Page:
“Pride and Joy — Revisited”
As middle school loomed, my son’s love for school turned to resentment, dread, disappointment. Here is how we worked to help him reclaim his self-confidence and learn to love learning again.
A couple weeks ago, our local news ran a story about a middle school student with diagnosed ADHD who received an award at a school assembly that read: “MOST LIKELY TO NOT PAY ATTENTION.” The article quoted the student’s mother, who stated her child was voted, “Most likely to ask a question that has already been answered.”
I worried this could have happened to three of my kids with the same diagnosis. Yesterday, we were all sitting at the kitchen table playing a game and had the following dialogue:
Kid 1: What’s for dinner?
Kid 2: Wait. What are we having for dinner?
Kid 3: Are we having chicken for dinner?
I imagined my kids’ classrooms, with students snickering or teasing my kids for similar behavior. I imagined an exasperated teacher rolling her eyes or saying, “Class? Can everyone please repeat what I just said for our little daydreamer?”
And I reminded myself of how Laurie and I have had to constantly analyze our own parenting. As our kids get older, they’re more attuned to our frustration. You know the scenario: After telling them five or six times to do something, you lose your temper. Or your lectures go on and on, and you find yourself using infinitives like, “Why can’t you just…” and “How is that every single day…” And then you see their faces drop.
Our kids have had teachers and guidance counselors who loved them and embraced their eccentricities. At parent-teacher conferences, we have heard things like “He’s definitely a handful, but I love him” and “She’s got some serious spunk. She’s gonna take over the world.” These educators opened the door for us to discuss our struggles and we collaborated on how to set up our kids for success.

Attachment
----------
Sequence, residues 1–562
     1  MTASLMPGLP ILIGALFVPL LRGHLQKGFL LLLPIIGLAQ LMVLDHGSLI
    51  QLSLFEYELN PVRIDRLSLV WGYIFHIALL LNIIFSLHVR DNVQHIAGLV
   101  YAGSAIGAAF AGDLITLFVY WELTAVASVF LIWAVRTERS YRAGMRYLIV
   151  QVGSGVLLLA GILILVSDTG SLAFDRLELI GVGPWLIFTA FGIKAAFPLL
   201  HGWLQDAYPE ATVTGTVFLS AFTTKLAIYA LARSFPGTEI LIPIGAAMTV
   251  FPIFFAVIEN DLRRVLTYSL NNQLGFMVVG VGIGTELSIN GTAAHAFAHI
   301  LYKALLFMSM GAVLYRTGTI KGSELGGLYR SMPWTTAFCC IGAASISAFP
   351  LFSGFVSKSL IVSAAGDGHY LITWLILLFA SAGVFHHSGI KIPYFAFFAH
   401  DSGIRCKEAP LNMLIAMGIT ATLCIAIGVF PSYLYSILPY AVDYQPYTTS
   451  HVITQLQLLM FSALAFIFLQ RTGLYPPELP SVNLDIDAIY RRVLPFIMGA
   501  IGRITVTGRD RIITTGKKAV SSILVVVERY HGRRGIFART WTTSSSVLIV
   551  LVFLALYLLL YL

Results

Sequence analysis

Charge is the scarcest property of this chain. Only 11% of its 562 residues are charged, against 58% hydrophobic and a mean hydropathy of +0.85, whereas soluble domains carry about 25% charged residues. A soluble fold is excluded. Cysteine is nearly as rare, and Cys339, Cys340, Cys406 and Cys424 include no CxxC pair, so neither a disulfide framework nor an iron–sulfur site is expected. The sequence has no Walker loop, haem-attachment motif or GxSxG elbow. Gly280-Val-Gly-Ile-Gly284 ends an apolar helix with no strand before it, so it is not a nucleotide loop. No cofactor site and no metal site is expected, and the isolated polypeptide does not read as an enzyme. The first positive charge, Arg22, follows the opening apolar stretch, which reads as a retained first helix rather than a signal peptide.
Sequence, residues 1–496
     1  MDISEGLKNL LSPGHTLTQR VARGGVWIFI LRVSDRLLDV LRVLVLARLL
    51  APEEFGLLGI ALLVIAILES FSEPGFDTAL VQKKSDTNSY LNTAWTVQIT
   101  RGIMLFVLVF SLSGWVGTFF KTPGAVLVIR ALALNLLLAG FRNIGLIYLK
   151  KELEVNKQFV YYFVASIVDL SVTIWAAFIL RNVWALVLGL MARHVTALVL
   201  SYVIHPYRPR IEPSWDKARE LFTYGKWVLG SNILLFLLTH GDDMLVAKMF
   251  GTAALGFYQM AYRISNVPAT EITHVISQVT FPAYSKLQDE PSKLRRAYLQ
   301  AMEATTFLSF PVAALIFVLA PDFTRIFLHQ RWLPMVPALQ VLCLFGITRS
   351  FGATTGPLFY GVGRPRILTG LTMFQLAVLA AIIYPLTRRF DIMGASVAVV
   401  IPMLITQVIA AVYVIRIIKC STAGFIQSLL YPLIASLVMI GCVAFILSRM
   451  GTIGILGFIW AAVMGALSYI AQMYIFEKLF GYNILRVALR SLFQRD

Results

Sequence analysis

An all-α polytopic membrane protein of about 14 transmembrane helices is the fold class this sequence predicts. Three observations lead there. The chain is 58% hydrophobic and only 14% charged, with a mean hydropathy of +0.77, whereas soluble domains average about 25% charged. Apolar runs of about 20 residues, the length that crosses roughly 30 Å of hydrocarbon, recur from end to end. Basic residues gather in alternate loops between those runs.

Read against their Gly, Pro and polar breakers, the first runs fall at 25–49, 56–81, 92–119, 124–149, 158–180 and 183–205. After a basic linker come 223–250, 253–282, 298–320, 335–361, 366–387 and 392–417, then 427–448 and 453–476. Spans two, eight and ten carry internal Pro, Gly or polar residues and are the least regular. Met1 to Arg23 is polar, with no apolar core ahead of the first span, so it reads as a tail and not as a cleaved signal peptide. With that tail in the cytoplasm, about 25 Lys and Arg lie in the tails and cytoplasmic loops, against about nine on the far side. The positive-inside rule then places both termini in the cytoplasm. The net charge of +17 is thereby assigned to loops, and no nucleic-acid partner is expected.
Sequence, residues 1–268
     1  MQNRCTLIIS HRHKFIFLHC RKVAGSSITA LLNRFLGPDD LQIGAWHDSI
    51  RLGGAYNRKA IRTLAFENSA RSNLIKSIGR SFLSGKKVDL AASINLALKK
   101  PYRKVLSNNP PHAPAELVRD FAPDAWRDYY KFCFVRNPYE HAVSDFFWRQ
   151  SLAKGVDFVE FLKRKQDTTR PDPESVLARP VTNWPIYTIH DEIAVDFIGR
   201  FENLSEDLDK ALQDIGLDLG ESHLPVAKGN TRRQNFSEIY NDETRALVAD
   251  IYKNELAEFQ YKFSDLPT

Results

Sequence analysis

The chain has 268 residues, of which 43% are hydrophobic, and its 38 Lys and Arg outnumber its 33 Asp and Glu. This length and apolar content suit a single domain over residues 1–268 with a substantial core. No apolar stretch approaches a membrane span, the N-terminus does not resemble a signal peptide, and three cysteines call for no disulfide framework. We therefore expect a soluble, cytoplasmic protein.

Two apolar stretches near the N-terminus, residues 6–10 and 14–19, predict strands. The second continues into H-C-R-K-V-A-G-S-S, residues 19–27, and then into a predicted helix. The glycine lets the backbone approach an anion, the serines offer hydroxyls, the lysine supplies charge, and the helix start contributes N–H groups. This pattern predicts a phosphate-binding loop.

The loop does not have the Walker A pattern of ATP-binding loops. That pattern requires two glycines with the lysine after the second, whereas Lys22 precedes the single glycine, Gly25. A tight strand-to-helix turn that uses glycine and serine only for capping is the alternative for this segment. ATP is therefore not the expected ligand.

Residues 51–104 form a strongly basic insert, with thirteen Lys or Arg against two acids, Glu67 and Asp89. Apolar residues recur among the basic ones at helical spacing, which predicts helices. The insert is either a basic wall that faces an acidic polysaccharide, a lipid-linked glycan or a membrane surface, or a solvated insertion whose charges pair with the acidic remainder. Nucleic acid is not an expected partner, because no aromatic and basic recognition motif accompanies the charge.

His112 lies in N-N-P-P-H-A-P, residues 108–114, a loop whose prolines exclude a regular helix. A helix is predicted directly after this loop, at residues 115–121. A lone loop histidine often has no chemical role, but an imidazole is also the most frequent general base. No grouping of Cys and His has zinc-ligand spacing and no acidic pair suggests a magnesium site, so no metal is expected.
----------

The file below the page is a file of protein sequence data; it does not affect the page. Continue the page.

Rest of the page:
With help from these teachers, Laurie and I learned how to instill in our kids a feeling of pride in their character. We helped them see that having ADHD isn’t anything to be ashamed of. Today, we discuss their diagnoses and medications openly during our daily debriefs of the school day. At appointments with our neurologist, we encourage them to contribute to the discussion and have found they can articulate very effectively how they’re doing in school and how the medication makes them feel.
And we resolve never to forget Isaac’s fifth grade year, when he struggled in both grades and behavior. He often came home with red marks on his behavior folder. He tested for the Gifted and Talented program but only came close to getting in. He went from loving school to dreading it. The end-of-the-year assembly, when students received awards for outstanding achievements, was the final disappointment. We listened for over an hour as name after name was called, but he received nothing. On the last day of school, we took all of our kids for ice cream to celebrate their year. As the other kids talked over one another about everything they loved about the past year, Isaac talked about how glad he was to be done.
That summer, a neurologist diagnosed him and prescribed some medication. In sixth grade, he passed the test for admission into the school’s GT program. We enrolled him in multiple honors classes and he made A-honor roll. Plus, he received no behavioral citations. We could see his dread for school turn back to love. On the last day of school, we took the kids out again for ice cream.
“I had a lot of fun this year,” he said.
“I’m so proud of you, Buddy!” I told him.
Then he asked, “Are you proud of me?”
I scratched my forehead and forced a smile. “I sure am, Buddy.”